Portland Bans Anti-Climate Change Materials In Schools
The Portland Public School Board voted earlier this year to ban any classroom materials, including textbooks and other material purchased by the district, that cast doubt on the existence of climate change.
This new rule was passed unanimously by the board’s members, who agreed with testimony from Bill Bigelow, a former Portland teacher, when he said,
“We don’t want kids in Portland learning material courtesy of the fossil fuel industry.”
Materials that present climate change as a theory rather than as a fact will no longer be used and, going forward, they will not be purchased by the district for students. Additionally, materials must make it clear that human activity is responsible for the rapid climate change occurring on our planet. The resolution also calls for the superintendent and staff to develop an education plan for teaching students about climate justice.
A student of Lincoln High School, Gaby Lemieux, said in testimony at the hearing,
“It is unacceptable that we have textbooks in our schools that spread doubt about the human causes and urgency of the crisis. Climate education is not a niche or a specialization, it is the minimum requirement for my generation to be successful in our changing world.”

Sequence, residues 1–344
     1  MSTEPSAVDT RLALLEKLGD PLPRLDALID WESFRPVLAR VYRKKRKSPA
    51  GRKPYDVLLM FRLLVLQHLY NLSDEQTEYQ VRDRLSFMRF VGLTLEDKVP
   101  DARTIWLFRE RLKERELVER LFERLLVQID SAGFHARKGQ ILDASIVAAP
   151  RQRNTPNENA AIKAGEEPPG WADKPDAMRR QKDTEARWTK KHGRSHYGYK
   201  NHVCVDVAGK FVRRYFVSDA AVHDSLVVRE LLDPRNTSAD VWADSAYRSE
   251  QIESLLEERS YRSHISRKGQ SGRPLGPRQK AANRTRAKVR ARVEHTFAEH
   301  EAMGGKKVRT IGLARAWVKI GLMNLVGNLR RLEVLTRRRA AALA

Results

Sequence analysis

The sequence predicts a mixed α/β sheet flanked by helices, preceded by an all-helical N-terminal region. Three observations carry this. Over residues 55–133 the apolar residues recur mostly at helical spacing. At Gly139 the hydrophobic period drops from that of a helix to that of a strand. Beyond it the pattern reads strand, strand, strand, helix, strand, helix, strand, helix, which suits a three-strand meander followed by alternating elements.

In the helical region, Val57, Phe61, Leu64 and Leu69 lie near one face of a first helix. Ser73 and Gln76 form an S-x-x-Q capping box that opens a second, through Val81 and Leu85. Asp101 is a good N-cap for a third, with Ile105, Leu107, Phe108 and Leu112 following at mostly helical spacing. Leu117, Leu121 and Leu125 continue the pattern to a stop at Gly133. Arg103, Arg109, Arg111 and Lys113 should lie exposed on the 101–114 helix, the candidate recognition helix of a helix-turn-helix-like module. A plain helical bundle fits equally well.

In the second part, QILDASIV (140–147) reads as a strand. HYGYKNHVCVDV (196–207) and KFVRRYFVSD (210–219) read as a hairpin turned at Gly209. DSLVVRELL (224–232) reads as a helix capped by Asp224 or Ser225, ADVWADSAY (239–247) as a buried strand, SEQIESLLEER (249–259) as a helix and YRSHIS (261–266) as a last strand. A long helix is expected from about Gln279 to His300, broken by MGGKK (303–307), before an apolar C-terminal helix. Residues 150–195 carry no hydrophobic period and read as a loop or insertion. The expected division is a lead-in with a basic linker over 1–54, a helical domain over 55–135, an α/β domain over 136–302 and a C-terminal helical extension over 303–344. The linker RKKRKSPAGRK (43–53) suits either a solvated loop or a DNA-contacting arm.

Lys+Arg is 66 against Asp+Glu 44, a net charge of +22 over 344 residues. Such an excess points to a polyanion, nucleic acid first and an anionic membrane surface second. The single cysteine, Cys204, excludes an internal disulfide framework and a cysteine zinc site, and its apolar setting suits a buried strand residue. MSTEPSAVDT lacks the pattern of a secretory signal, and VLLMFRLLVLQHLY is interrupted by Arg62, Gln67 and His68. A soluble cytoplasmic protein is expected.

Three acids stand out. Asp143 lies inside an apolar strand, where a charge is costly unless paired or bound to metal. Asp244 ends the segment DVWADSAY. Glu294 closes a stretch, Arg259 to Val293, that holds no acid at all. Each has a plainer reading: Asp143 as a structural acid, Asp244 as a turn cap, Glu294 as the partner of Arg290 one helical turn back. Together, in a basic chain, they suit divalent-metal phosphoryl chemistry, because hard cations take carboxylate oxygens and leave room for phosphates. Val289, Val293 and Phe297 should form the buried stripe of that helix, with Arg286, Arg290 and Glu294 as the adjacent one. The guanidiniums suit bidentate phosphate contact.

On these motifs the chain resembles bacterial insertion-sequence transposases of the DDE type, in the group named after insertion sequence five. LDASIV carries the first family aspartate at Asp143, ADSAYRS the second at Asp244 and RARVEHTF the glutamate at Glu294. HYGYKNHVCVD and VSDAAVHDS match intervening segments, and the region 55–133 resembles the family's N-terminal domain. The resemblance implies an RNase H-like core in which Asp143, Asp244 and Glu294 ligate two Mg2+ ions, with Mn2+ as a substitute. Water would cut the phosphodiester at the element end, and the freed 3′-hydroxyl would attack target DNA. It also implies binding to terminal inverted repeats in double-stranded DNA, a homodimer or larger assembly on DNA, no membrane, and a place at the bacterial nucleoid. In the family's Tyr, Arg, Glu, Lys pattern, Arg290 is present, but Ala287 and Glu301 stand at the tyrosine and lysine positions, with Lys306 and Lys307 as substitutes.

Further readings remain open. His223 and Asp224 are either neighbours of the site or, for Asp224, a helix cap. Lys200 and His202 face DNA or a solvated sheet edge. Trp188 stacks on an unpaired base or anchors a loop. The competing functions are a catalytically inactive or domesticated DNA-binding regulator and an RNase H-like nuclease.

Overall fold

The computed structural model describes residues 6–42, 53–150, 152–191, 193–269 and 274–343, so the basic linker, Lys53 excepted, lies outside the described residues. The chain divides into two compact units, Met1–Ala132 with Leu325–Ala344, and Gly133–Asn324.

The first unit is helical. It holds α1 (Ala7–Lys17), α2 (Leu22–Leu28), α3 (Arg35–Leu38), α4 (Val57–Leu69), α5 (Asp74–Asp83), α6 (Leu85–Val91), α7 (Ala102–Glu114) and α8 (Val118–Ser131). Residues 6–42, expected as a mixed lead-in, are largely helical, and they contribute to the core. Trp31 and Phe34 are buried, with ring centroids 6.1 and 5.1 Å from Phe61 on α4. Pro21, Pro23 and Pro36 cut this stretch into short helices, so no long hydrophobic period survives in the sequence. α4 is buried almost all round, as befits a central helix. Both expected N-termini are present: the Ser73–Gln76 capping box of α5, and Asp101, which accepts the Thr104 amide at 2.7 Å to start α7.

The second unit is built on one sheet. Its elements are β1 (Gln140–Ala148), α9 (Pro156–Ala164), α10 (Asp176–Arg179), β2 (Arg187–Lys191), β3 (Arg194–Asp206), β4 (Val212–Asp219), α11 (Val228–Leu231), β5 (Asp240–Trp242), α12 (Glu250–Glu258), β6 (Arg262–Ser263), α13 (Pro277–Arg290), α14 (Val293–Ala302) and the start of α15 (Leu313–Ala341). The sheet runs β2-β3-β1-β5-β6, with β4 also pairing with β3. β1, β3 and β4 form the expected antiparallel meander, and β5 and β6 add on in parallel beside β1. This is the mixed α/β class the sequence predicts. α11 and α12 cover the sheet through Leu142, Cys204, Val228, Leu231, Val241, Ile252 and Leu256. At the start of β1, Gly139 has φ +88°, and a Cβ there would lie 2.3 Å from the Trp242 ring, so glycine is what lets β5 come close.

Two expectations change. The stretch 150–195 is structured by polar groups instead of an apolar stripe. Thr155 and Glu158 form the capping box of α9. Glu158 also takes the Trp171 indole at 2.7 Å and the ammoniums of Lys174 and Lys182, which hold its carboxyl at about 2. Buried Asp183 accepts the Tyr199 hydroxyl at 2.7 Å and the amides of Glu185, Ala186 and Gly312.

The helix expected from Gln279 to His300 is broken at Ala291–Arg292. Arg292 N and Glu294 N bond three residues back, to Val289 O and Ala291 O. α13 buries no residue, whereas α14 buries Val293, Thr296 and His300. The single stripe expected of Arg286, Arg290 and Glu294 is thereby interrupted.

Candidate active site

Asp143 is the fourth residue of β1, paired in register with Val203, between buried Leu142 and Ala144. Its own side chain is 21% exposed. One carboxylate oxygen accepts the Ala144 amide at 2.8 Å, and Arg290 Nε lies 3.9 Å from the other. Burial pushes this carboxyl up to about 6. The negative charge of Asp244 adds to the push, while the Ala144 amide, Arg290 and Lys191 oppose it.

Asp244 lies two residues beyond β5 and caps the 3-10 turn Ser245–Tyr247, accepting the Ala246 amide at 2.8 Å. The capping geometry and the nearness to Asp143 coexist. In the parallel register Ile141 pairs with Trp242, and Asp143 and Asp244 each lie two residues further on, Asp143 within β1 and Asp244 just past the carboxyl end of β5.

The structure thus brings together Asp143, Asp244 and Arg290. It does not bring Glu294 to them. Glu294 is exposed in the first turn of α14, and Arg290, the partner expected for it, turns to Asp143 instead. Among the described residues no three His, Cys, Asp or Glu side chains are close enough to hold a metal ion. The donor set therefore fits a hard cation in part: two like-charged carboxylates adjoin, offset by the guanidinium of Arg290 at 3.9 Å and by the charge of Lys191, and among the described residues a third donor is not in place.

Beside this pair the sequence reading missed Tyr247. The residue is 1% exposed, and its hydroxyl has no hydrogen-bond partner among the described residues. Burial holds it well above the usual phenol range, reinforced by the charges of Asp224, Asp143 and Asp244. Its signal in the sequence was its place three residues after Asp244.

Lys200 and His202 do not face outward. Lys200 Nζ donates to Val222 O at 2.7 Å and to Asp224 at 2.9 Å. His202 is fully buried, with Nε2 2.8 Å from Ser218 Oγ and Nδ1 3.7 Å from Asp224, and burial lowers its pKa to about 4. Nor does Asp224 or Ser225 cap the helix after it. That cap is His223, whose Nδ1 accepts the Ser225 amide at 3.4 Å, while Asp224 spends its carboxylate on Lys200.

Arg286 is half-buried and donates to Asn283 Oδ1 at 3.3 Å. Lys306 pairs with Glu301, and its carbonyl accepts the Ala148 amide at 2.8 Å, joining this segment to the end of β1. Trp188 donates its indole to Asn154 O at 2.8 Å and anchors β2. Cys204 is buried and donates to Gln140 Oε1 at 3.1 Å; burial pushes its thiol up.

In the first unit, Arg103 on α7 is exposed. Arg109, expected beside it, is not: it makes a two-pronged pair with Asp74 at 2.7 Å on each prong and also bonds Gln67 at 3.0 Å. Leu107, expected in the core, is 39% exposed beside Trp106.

Bigelow clarified that when texts use the words “might,” “may,” or “could,” they are suggesting that climate change is a concept rather than a fact or that humans are not responsible for it, meaning we can’t do anything to change it and should continue living the way we currently are.
This is destructive because fossil fuel companies are largely to blame for climate change due to their terrible environmental practices and would prefer that consumers remain in the dark about this so that they don’t call for reform. The textbooks include the aforementioned key words in an effort to keep fossil fuel companies happy, who are likely paying them to change the language in their favor.
The resolution has sparked some controversy, as some point out that this new rule may be akin to banning books because the content doesn’t fit a certain political agenda. However, banning books that are working with dangerous companies is actually working against America’s current conservative political agenda, as these same companies have their hands in many political figure’s pockets.
American conservative politicians continue to deny that climate change is real, or that it is an imminent threat that needs to be reckoned with, but they are essentially the only right-leaning figures in the world still standing by this claim. Many conservative world leaders have urged other leaders to join them in making changes to save the planet from climate change, or to at least salvage what’s left of it.
Hopefully this resolution will encourage other school boards to make similar changes in their public schools so that climate change can be an issue at the forefront of the minds of future generations.
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